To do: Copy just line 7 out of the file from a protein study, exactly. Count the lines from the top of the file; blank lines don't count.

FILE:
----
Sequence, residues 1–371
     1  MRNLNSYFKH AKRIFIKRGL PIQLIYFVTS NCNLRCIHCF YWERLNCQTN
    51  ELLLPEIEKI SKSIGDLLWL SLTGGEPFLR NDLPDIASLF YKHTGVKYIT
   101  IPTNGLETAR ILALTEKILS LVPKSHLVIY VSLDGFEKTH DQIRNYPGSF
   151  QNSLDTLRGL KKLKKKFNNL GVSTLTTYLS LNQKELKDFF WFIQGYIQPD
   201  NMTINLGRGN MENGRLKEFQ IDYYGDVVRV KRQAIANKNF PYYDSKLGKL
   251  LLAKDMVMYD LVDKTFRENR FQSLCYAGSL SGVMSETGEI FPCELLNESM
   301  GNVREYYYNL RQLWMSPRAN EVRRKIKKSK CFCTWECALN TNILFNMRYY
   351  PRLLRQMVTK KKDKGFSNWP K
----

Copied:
   251  LLAKDMVMYD LVDKTFRENR FQSLCYAGSL SGVMSETGEI FPCELLNESM